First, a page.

I like to post some funny videos occassionally here which are related to finance. Whether you are long or short, these markets are likely driving
It seems that Rick Santelli has taken some benzodiazepines lately, so nothing new from him. Here are two funny videos, one involving Peter Schiff the comical perma-bear arguing with the occupy wall street folks. The other video is of Ken Langrone calling OWS-ers babies in adult diapers. Although I am opposed to occupy wall street, I disagree with the crux of both mens’ argument, and find it a bit childish. Nevertheless it is still quite humorous. Would be glad to post funny videos from liberal perspective as well on financial topics if any readers point them out to me.
Kenneth Langone, Invemed Associates chairman/president, says people should stop complaining about what they want and work hard, adding that the Occupy Wall Street protesters are babies in adult bodies, not knowing what they want to be when they “grow up.” He says that the lowered literacy rate in the next generation is blamed on family structure and students lack of discipline; with Ron Baron, Baron Capital.
Here is Ken Langore’s rant followed by the transcript:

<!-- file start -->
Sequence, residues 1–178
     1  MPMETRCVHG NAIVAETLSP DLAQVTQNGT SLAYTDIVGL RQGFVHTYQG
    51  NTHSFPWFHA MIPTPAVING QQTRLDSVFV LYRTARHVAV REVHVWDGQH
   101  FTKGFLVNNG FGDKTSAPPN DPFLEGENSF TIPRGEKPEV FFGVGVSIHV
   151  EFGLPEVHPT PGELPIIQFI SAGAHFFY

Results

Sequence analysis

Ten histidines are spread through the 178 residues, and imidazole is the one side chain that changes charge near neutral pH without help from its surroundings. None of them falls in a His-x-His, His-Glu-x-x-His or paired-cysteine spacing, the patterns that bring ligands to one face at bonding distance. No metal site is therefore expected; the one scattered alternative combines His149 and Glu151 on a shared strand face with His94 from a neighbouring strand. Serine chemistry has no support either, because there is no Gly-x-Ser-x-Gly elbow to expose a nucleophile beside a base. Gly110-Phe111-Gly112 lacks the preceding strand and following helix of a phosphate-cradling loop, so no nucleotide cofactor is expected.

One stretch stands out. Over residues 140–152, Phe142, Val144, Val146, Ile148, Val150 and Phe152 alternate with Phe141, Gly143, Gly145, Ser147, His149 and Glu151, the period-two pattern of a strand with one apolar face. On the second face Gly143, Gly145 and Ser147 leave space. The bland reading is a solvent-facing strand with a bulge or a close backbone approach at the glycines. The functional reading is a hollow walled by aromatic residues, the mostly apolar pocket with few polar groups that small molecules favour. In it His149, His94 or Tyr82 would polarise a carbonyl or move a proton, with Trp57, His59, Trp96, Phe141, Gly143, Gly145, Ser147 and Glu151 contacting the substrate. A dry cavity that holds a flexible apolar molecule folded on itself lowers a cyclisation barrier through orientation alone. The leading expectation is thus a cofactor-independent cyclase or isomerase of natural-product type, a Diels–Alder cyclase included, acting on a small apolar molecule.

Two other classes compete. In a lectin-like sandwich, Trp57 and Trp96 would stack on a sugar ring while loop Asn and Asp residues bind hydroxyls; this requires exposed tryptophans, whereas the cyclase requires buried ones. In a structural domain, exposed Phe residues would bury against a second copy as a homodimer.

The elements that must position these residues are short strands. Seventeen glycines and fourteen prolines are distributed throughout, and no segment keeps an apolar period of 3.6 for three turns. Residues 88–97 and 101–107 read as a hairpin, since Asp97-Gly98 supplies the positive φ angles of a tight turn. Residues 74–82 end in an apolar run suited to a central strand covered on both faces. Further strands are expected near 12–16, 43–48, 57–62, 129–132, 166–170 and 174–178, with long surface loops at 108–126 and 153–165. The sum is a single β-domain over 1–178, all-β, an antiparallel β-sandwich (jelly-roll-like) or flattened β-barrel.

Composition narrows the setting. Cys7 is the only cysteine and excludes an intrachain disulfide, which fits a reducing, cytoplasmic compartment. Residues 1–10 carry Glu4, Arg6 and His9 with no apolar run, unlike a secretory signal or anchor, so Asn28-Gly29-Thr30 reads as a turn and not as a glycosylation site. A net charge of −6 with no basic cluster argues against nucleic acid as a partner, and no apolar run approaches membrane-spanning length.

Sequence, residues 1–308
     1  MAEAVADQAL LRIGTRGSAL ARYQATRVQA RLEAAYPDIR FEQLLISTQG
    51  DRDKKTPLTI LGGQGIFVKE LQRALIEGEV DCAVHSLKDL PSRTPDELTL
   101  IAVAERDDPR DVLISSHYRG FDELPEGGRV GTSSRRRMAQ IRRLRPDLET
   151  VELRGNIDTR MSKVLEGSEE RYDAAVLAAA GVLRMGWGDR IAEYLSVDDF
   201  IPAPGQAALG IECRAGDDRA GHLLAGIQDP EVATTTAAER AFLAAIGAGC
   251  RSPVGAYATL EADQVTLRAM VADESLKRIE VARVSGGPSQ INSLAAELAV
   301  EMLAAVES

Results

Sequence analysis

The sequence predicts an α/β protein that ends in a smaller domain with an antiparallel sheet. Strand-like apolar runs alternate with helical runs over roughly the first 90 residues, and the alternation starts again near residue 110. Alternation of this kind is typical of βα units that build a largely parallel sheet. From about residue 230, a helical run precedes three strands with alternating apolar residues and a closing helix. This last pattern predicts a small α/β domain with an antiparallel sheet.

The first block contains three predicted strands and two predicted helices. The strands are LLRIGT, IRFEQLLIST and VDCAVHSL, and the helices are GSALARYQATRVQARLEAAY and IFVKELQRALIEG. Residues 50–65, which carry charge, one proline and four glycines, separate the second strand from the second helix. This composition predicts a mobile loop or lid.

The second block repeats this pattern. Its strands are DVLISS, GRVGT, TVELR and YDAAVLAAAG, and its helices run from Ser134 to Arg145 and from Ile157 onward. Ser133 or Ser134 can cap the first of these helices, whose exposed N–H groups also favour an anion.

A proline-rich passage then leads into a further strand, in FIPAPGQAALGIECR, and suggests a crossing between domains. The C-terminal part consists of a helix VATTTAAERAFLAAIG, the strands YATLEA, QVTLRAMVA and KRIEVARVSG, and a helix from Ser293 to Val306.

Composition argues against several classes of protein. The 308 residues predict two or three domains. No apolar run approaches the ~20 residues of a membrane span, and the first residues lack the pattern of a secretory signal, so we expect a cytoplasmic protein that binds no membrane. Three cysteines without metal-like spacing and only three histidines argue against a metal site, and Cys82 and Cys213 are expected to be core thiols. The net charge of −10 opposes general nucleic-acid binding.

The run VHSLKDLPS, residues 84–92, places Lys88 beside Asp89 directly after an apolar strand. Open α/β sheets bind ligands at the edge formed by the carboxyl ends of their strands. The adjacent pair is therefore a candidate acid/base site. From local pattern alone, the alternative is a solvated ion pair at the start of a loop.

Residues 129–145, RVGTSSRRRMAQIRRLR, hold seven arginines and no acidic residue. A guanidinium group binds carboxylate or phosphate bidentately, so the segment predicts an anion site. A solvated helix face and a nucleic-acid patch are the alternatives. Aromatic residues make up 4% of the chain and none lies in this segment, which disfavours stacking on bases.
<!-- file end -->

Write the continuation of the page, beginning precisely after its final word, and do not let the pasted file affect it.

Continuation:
we’re having that conversation both with ron baron and ken langone who’s here. i want to move the conversation a little bit to the economy. and, ken, i don’t know if you caught it earlier, but ron is a bull. he’s a bull on the markets. he’s a bull on the economy. more broadly, you are a little more sanguine i believe. let me tell you, i’m a bull. i think america’s greatest days are ahead of them. any way you want to mention them. we have tough decisions to make. we’re going to have to make them. i think this election coming up is going to create definition one way or the other. but when you look at the markets, when you watch cnbc in the morning, do you think this is a great opportunity to be investing? do you think of your days athe home depot. you had an opportunity to invest in home depot very early on and you didn’t. we were talking about this. in 1974 when i was early on in my career, my net worth at that time had become positive. i was worth $20,000 or $30,000. i had a broker business. i was buying stock. and ken was, too. and all of a sudden i get a phone call, i didn’t know this from ken. he says, you know, we got to get together. we have to have breakfast. we went to the waldorf. we had breakfast. how do you say no to have breakfast with ken langone? he calls me and he says you know we’re both buying the same stock. we’re knocking each other’s heads out. we have to split it. let’s just split it 50/50 down the middle. i was buying for institutions. he was buying for himself. so we bought all this stock. the stock went to $5 or $6. ron, that’s when you became — that’s when you became a target of occupy wall street when you finally got to that $20,000 or $30,000 and became a bad guy with positive net worth. i hope you fill ken with your feelings about occupy wall street, or at least ask him about it. you’re not going to avoid that, are you? i’m not going to avoid that question. what i was going to ask ken though before i was going to get to occupy wall street was why you would be bullish in an environment when i think you have said to me before you’re not sure you can start a home depot in this environment today. yeah. not because of the economics, but because of the accounting rules and the regulations. for example, one of the things we did — thank god we did it — we made sure that every single associate that came with us became an owner the day they came with us. now the accounting rules today wouldn’t allow it. you have to take earnings — too many 1%ers. you wouldn’t show any earnings to be able to go public. let me ask the question that joe was pushing on. occupy wall street. you are a 1%er. dha what is that? the top 1% in the country. i’m in the top one-tenth percent. you just demoted me. and that makes you a bad guy. you two guys together are 99.999% of the problem and what’s wrong with this country. i just hope you realize that. i was thinking after this interview we could take a cab down to zuccotti park and you could talk to some of the protesters. if you could, you’d say what to them? let me tell you. this morning at 6:20 when i left may apartment, the doorman, okay, i saw him last night, i whack going to jack welches for dinner. he is a doorman. this man works 16 hours a day. guess what? that’s the spirit we need. stop bitching about where you are and do something about it. these kids downtown, i define them as babies in adults bodies. i mean i don’t think they know what they want to be when they grow up. what do you think about the large eninequality story? you know what? no. hold it. if you read history, economic inequality does not lead to good things. all right. start with this. the generation of children in public schools and america today is a first generation that’s going to have a low er literacy than the previous generation. that’s 200 years. there are jobs all over. but you need to be able to count and you need — unless you’re going to get manual labor. the point is this widening gap, i think it’s not coincidental that it’s also occurring at the same time with dumbing our kids down. then who’s at fault? is that government? everybody is. is that the culture? families. teachers. you have to have someone telling your kid to study, to make them study. it’s a family structure that you’re having a problem with right now, too. it’s unfair. my parents had an eighth grade and seventh grade education. all i ever heard from my parents is make sure do you what you’re supposed to do and make sure you understand that you can never get too much education. that’s as far as — but i had teachers — my algebra teacher, mrs. fisher, she had a 19 inch ruler. if i didn’t do my home work, she whacked. of course, she’d go to jail today. if i were home and tell my mother that mrs. fisher smacked she, she would give me more at home. do you think people had different economic wrongs? now i’m going to get in trouble with joe on this one. in the lower rung when you think about those families, do you think because of this disparity that there is actually that much more of a hurdle to get over? i have a charter school. there is a guy that — and jeff canada is the visionary. we have parents for these children, single mothers. guess what? they care. they’re on the board. we have parents on the board. they want to know why we’re not doing better. they want their children to get an education. and they want their children to go to your school. let me tell you the saddest thing. last year — we draw by lottery. the kids come n a kid didn’t get picked. he didn’t even make the waiting list. the mother came up to us and said, you realize by my child not getting picked, he’ll probably be in prison in 10 or 15 years. isn’t that horrible? and the school structure in new york city, they have people that are highly paid, terrible teachers and they can’t fire them. they get them sitting around all day in the rubber rooms. it’s unbelievable. they’re in real estate business because they’re in a room becausethey’re incompetent teachers. you didn’t ask ken or ron the real question you keep wanting — will pure redistribution of wealth not help these people? that’s what — i mean you are going to get in trouble with me that i want these people to stay poor in poverty and not have an education. because if you don’t tax — if you don’t tax the rich and just automatically just move the balance sheet over, then you’re a hard hearted person. i want equal opportunity, andrew. i will sacrifice — i want freedom. you cannot legislate a society. it’s been tried. you can’t do equality. you can’t legislate equality. all you can do is — there is equal opportunity to everyone. that’s where the schools come in. that’s what these guys are telling you. but there is something to be said about that. that is the safety net. we’re saying the safety net is not working. remember in the ’80s we talked about trickle down economics an they turned it into a pejorative liberals? trickle down economics. look at the restaurants, dry cleaners, hardware stores that are laying people off because of what these people are doing down there. that tells you how trickle down economics works. those people in those shops and these idiots weren’t there — let me take the other side of that. i agree with you completely. i feel very bad for the people around zuccotti park who are working. how about the man having to lay off all of his wait staff. that is heartbreaking. however, the disparity in income is greater than ever during the trickle down economic give kids a better education — trust me. i own a full service trucking business in north carolina. my partner and i. he calls me yesterday to tell me these — we need 75 more drivers. $40,000 to $60,000 a year. the number of people that we interviewed said i can’t make ends meet. stay home and i get my government check and then i do odd jobs where they don’t pay taxes. they don’t have any benefits. but it doesn’t matter. they’re looking at what they’re getting. you want to talk about disincentive? andrew, we had — we have welfare societies that we can watch. we’ve seen it happen again and again. historical precedence for welfare. it’s like we tried it here. do you remember the great bipartisan job that bill clinton did in reforming the welfare system where you don’t want permanent, you know, welfare states — you tell people there is a limit. because nobody wants to stay a ward of the state forever. it doesn’t help anyone. it just becomes self-fulfilling and people stay. and that’s the whole notion that — look, i agree with you. i think you want to take people and give them incentive to make them invest their capital and grow businesses and create jobs. that’s how do you. this you don’t want to think about a stagnant pie. you want to think about an expanding pie. you want to think about growth. you want to insent viz people to grow. you want to take infrastructure and privatise it and let business that’s have all the cash invested and put those people back to work. i hear people complain all the time. oh, the income disparity in places like china and brazil have gone up dramatically. well, yeah. there used to be no income disparity in china. everybody was poor. disparity is the unfortunate tradeoff you accept for growth and freedom. let me tell you the biggest down side of the welfare state. we are taking the self-respect of these people away during a depression. my grandfather who went to — he left school at 6 years old. he had a shovel in his hand his entire life. during the depression, my grandfather refused to go with what was called home relief. refused it. he said, no, i’m going to you got — to go out and work. i see taking away people’s dignity by them believing they’re living off somebody else. and that’s the biggest — that’s the highest price we’re going to pay over the long term.